And we ended August 2004 with energy to move on

And so everything was set for us to provide detailed briefings to our colleagues about the meeting with Kofi. This meeting was held on 15 August 2004 at Varney Kennedy’s apartment on 5601 Zealand Ave, Apt # 01, New Hope, Minnesota.

We did the briefing and the group was excited that an established political figure had sort of endorsed our idea and thought we were treading on the right path. For young progressives, this meant a lot. To get your feeling validated by someone who had been to jail in this political struggle meant a lot.

At the end of that meeting, we were energized and ready to do more. By this time, Mayango Arku, a childhood friend of mine who had been visiting the US from Holland and had attended one of our meetings returned to Europe to serve as our coordinator there. In fact, he had started receiving information that Amd. Weah had heard about our cause and indications were that he was receptive to our idea. Mayango would later encounter some issues from folks in Europe who were close friends to Amb. Weah and felt that they should head the operations of the organization in the Europe (more about that later…).

We had also brought on board Patrick Meniboon. Patrick is another thoughtful and pragmatic colleague and we were excited to have benefited from his short stay with us. He was one of the first persons to disembark the vessel (more about that later…).

Once we completed the meeting at Varney’s place, we agreed to meet on the next Sunday, 22 August 2004 at James Nyekan’s apartment at 6310 Medicine Lake Road, Apt # 322, Crystal, Minnesota. This meeting was very important in that this was the time when we elected interim officials to run the affairs of the organization for the next six (6) months. Those elected were:

  •                         Samueal D. Tweah (Chairman)
  •                         James F. Kollie (Secretary General)
  •                         Alexander M Kekula (Financial Secreatary)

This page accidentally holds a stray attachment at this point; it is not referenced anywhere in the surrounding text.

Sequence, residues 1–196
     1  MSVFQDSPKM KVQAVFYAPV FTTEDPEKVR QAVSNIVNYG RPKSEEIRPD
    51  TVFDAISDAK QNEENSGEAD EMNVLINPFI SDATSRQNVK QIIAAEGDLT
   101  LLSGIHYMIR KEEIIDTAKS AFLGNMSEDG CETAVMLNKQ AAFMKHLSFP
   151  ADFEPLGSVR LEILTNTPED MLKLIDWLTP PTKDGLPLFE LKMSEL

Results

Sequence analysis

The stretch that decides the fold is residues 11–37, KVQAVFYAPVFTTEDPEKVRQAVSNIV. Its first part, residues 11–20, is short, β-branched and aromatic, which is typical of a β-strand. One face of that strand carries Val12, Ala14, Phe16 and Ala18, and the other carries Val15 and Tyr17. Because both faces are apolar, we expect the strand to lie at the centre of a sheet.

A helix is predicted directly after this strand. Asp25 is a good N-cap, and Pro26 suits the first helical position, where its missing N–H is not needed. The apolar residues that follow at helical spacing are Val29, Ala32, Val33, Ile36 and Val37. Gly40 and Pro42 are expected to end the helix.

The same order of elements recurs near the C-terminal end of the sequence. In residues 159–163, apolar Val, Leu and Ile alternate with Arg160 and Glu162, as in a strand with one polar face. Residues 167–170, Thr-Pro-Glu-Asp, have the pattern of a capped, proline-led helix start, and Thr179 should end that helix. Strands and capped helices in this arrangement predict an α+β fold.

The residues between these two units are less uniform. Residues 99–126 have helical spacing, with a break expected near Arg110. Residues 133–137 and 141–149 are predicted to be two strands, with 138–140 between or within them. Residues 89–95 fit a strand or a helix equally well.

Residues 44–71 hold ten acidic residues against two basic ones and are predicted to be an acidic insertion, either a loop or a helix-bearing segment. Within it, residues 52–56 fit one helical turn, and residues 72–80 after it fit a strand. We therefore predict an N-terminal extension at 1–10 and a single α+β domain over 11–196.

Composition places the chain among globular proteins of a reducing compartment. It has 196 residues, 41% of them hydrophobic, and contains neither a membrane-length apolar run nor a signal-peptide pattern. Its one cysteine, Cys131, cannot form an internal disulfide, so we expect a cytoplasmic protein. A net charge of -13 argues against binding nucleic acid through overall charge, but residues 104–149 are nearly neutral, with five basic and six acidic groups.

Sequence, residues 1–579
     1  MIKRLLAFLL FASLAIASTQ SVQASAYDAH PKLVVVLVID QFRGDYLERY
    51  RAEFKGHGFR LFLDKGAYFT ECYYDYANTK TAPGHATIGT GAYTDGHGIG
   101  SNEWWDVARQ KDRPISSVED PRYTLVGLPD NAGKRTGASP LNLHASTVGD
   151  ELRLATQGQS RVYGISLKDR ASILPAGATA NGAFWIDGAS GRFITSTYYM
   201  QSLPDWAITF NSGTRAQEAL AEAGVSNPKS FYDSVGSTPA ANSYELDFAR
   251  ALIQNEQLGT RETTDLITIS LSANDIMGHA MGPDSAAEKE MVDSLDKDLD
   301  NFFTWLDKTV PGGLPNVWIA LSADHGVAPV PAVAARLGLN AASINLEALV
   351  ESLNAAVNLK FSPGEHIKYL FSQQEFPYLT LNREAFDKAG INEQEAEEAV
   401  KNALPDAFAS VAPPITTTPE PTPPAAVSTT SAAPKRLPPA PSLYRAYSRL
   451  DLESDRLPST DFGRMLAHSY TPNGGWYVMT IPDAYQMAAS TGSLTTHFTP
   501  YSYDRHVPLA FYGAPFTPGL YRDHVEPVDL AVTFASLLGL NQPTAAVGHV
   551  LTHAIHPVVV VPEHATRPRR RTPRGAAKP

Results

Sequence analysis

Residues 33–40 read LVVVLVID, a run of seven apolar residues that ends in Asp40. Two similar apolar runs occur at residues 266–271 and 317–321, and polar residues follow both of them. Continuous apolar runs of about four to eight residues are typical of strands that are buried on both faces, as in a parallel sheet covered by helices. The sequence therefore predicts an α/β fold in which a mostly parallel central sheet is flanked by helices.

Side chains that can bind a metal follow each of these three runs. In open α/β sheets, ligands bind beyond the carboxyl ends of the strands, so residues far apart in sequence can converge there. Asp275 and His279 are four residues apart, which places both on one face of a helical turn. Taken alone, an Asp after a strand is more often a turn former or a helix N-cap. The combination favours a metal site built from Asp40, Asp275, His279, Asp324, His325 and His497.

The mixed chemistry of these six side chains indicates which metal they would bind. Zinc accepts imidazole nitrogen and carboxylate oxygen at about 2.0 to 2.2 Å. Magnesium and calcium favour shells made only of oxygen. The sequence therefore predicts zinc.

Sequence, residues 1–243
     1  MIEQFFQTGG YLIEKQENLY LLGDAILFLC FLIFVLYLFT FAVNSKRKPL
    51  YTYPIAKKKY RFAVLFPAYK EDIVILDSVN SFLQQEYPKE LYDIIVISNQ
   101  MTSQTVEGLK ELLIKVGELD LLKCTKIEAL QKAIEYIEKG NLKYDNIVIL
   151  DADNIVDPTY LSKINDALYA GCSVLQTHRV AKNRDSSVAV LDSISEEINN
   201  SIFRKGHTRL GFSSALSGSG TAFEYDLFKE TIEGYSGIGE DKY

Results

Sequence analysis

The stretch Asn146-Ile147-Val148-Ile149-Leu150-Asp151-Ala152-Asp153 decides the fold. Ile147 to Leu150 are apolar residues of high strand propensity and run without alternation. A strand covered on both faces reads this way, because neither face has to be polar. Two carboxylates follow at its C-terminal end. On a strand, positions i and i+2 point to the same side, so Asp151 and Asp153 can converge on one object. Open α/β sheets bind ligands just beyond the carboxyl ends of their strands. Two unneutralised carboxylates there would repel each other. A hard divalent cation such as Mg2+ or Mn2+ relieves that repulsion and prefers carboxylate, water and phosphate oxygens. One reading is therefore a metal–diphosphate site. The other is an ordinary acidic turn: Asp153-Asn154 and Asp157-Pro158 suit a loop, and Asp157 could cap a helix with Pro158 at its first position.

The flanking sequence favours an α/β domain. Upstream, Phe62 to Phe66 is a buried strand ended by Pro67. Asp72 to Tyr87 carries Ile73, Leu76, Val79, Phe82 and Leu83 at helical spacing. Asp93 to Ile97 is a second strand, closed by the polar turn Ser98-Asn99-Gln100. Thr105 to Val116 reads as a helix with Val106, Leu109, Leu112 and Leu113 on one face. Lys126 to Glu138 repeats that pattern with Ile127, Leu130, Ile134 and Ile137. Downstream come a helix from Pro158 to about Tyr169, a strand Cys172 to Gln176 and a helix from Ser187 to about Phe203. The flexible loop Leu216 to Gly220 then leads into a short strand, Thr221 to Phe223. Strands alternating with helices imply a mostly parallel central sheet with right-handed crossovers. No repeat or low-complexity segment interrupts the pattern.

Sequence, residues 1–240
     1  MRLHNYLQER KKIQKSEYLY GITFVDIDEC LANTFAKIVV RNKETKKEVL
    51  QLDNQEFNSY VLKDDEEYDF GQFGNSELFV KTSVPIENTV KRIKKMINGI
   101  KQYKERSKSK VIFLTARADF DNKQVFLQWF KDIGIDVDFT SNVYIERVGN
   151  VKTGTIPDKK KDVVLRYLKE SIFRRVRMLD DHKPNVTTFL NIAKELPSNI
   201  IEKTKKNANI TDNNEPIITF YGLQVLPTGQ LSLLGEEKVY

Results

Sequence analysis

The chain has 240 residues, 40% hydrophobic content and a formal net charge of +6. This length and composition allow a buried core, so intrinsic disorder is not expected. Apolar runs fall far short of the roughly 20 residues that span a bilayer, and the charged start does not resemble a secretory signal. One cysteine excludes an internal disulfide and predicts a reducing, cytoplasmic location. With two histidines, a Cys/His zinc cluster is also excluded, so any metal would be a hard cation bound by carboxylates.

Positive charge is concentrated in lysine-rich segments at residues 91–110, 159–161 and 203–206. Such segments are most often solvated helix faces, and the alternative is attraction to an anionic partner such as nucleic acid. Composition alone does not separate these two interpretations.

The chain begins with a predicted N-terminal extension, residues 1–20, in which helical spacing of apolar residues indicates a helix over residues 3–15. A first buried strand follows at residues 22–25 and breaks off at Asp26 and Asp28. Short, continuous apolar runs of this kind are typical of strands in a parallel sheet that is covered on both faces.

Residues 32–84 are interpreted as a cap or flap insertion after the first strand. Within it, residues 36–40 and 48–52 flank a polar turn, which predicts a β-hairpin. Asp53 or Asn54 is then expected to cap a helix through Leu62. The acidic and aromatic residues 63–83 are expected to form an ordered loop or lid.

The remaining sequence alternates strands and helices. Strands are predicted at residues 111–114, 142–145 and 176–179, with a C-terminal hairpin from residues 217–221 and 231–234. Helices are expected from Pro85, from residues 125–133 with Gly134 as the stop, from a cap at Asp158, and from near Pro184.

•                         James Nyekan (Membership and Recruitment)

Dtweah ran unchallenged. The young man had clearly established himself as a leader and demonstrated that he was capable and prepared to forcefully articulate the vision and aspiration of the movement. I, on the other hand, was challenged by James Nyekan for the post of Secretary General. The group believed that I had a lot more passion and desire to see this organization move forward and so they elected me.

It was at this meeting that we decided that we needed to start reaching out more and more and begin the process of competing all our organizing documents and the begin to plan the great launch of the movement in Minnesota. By this time, we had about 45 persons on our mailing list and it was growing. James Nyekan had brought in one of his colleagues, Clarence Tweh. This was another thoughtful young man who spend some time with us. In fact, Clarence even got his wife from within the movement. They connected at one of our meetings in Philadelphia.

After this meeting at Nyekan’s place, we decided again, as usual, to meet on the next Sunday, 29 August 2004 at Anthony Swaray’s apartment. At this meeting, the key item for discussion was the brochure. Norris Tweah was again at this meeting and brought some very thoughtful perspectives to the process. Norris Tweah was a keen observer of the process. We were never sure whether he was really on board but he is Dtweah’s brother and so we also felt comfortable with him and solicited his views.

Once the brochure was finalized, we agreed that we continue our fundraising efforts as well as completing our registration process with the Minnesota Secretary of State so that we can acquire an office space and open a bank account in the name of the organization.

So within the month of August we had accomplished a lot including meeting Kofi Woods; establishing contact with Amb. Weah through Patrick Cheah (deceased); electing an interim management team; increasing awareness and visibility of the Liberia National Congress in Minnesota and some other places in the US ; and creating a prototype of a website.

For a new organization that was entering “unchartered territory” and attempting to unravel the prevailing political order, August 2004 was indeed a good start.

… September became extremely interesting as this was the month we should have met Amb. Weah in Minnesota and then it turns out another group in Liberia with the same name (LNC) petitioned Amb. Weah. What do we do at that point? Do we distance ourselves or clarify that we were not the ones who petitioned Weah? I consulted with Kofi Woods on this subject for guidance and …. You want to know what Kofi said? stay tune…

Author: JAMES F. KOLLIE

I am a Liberian professional with passion for pro poor economic development and grassroot political organizing. I have read public policy, corporate finance and accounting at various levels. I have worked in government, private sector and non-profit sector.

2 thoughts on “And we ended August 2004 with energy to move on”

    1. Patrick, it has been a while. How are things at your end? Feel free to jump into the conversation with your perspectives. They were very valuable then and I still believe they are even more valuable today especially as we look back.

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